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Prego rolls

"This is a Mozambican specialty and one of the foods that changed my life in terms of African cuisine," says Duncan Welgemoed. "The best spot to get a prego roll in South Africa is the Radium Beerhall. It's run by my godfather, Manny, and is the oldest pub in Jo'burg. The meats are grilled out the back by Mozambican staff and are still done the same way today as they were 30 years ago." Start this recipe a day ahead to marinate the beef.

Lebanese-style snapper

"This dish is Lebanese-peasant done fancy with all the peasant-style flavours you'll find in Lebanese cooking, but with a beautiful piece of fish added," says Bacash. "The trick to not overcooking fish is to be aware that it cooks from the outside inwards and the centre should only cook until it's warm, not hot. If it gets hot in the middle, it will become overcooked from the residual heat. It takes a little practise getting to know this - be conscious of the inside of the fish and not the outside. Until you get it right, you can always get a little paring knife and peek inside the flesh when you think it's ready; it won't damage it too much."

Green salad with vinaigrette

"Our seven-year-old, Arwen, has been making this vinaigrette since she was five - she tastes it as she goes," says Levy Redzepi. "It's fresh and acidic and as good as the leaves. Frillice lettuce is crunchy but it's thin so it's like a perfect mix of cos and iceberg."

Homemade white bread

"Not multigrain, not gluten-free, nor rye or whole wheat - classic white bread is the only acceptable canvas for your delicious passion project, the brisket," says Curtis Stone. "Texas barbecue sides are supposed to be minimalist, but minimalist done right. Baking soft, fluffy bread from scratch is doing it just right (and then some). Plus, stuffing brisket into a slice of bread means you can eat with your hands, the way it ought to be." Makes 2 loaves.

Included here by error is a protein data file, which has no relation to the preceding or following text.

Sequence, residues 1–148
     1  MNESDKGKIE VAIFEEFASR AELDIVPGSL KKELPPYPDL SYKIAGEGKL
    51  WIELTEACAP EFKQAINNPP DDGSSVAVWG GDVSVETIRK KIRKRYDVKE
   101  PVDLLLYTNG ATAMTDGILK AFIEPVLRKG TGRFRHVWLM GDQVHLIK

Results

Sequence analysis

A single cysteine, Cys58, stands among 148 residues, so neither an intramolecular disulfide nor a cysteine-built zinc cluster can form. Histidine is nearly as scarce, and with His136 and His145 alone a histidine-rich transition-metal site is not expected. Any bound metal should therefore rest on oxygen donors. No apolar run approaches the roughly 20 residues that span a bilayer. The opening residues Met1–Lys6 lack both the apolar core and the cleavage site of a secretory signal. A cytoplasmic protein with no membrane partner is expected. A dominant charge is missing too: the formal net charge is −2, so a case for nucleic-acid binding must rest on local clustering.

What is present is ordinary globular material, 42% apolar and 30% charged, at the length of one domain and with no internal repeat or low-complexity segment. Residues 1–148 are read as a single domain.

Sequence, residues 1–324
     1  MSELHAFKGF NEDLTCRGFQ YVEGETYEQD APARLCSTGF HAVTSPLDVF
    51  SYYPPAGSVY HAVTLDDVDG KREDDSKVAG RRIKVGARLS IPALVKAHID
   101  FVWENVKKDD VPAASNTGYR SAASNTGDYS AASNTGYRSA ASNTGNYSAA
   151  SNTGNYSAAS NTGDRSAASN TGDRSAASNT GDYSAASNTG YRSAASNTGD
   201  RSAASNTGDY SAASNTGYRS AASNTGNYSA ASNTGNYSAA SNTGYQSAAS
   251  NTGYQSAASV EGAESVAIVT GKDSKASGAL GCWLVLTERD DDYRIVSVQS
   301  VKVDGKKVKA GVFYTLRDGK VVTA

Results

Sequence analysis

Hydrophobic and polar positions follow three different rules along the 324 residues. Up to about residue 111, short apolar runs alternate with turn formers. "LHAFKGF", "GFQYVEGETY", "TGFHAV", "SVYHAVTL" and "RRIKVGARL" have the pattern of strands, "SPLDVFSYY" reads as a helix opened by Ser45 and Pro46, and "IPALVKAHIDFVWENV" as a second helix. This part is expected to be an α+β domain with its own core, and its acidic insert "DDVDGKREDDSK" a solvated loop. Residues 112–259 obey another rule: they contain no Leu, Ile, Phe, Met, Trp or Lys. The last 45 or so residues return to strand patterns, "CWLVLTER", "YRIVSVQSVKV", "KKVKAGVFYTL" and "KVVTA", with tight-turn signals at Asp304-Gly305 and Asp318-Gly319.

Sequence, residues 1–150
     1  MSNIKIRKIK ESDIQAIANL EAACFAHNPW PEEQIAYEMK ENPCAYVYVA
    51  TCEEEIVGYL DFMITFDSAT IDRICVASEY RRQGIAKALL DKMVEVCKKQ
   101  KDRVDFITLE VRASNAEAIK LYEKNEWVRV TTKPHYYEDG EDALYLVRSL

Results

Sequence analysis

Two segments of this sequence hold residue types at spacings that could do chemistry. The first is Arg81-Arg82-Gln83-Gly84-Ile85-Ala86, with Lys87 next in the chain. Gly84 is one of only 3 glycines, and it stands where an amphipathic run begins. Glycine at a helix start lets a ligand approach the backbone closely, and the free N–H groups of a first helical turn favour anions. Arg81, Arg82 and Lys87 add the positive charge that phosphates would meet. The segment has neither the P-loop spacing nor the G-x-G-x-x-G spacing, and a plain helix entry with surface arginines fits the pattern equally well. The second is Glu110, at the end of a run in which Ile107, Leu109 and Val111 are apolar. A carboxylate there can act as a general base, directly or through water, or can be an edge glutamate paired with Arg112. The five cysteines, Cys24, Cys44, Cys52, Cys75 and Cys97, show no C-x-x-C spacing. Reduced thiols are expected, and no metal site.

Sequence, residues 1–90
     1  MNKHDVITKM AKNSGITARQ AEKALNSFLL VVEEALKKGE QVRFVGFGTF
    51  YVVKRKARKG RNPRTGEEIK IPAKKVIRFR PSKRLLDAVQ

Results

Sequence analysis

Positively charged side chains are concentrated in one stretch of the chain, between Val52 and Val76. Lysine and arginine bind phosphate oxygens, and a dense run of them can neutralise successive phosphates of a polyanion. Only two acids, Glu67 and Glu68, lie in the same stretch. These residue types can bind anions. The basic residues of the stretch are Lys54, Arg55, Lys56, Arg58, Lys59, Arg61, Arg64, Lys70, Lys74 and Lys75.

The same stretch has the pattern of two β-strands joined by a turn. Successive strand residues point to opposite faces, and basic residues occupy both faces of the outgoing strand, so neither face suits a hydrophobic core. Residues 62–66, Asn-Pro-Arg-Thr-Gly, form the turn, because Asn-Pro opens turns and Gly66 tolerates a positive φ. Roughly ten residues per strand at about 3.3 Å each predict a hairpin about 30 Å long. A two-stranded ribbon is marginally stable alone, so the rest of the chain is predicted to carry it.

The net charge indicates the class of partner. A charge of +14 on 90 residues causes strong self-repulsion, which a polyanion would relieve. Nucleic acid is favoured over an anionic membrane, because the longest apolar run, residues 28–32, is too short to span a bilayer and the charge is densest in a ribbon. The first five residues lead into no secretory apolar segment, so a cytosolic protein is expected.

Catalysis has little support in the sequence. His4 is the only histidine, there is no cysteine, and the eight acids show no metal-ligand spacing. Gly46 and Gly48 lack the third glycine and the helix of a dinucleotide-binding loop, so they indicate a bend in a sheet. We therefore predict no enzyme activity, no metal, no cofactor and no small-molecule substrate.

Crab rolls with potato chips


You'll need

500 gm picked spanner crab meat 150 gm Kewpie mayonnaise (see note) 2 tbsp finely chopped chives, plus extra to serve ½ tsp finely ground celery seed (see note) ½ tsp togarashi (see note) To serve: potato chips and softened butter   Brioche rolls 15 gm dried yeast 280 ml milk, at room temperature 600 gm bread flour 80 gm softened butter 2 tsp caster sugar 5 egg yolks 1 egg For brushing: eggwash

Method

  • 01
  • For brioche rolls, stir yeast and milk in a bowl until yeast dissolves, then set aside until foamy. Combine flour, butter, sugar, yolks, egg and 2 tsp fine sea salt in the bowl of an electric mixer fitted with a dough hook, add milk mixture, mix until a dough forms, cover and set aside until doubled in size (1½-2 hours). Divide into 70gm pieces and lightly roll each piece on a work surface to form an oval. Place on two oven trays lined with baking paper, leaving space between each, cover with tea towels and set aside until doubled in size (1-1½ hours), then brush with eggwash.
  • 02
  • Preheat oven to 180C. Bake rolls until golden and cooked through (15-20 minutes), then set aside to cool.
  • 03
  • Meanwhile, combine crab, mayonnaise, chives, celery seed and togarashi in a bowl, season to taste and set aside.
  • 04
  • Preheat grill to high heat. Split rolls, grill until golden (1-2 minutes), spread with butter, fill with crab mixture, scatter with extra chives and serve with chips.

Note Brioche rolls are best eaten on the day they're made. Kewpie mayonnaise is a Japanese mayonnaise. Kewpie mayonnaise and togarashi are available from Japanese grocers. Celery seed is available from Herbie's Spices and specialty food shops.


At A Glance

  • Serves 10 people
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At A Glance

  • Serves 10 people

Featured in

Sep 2012

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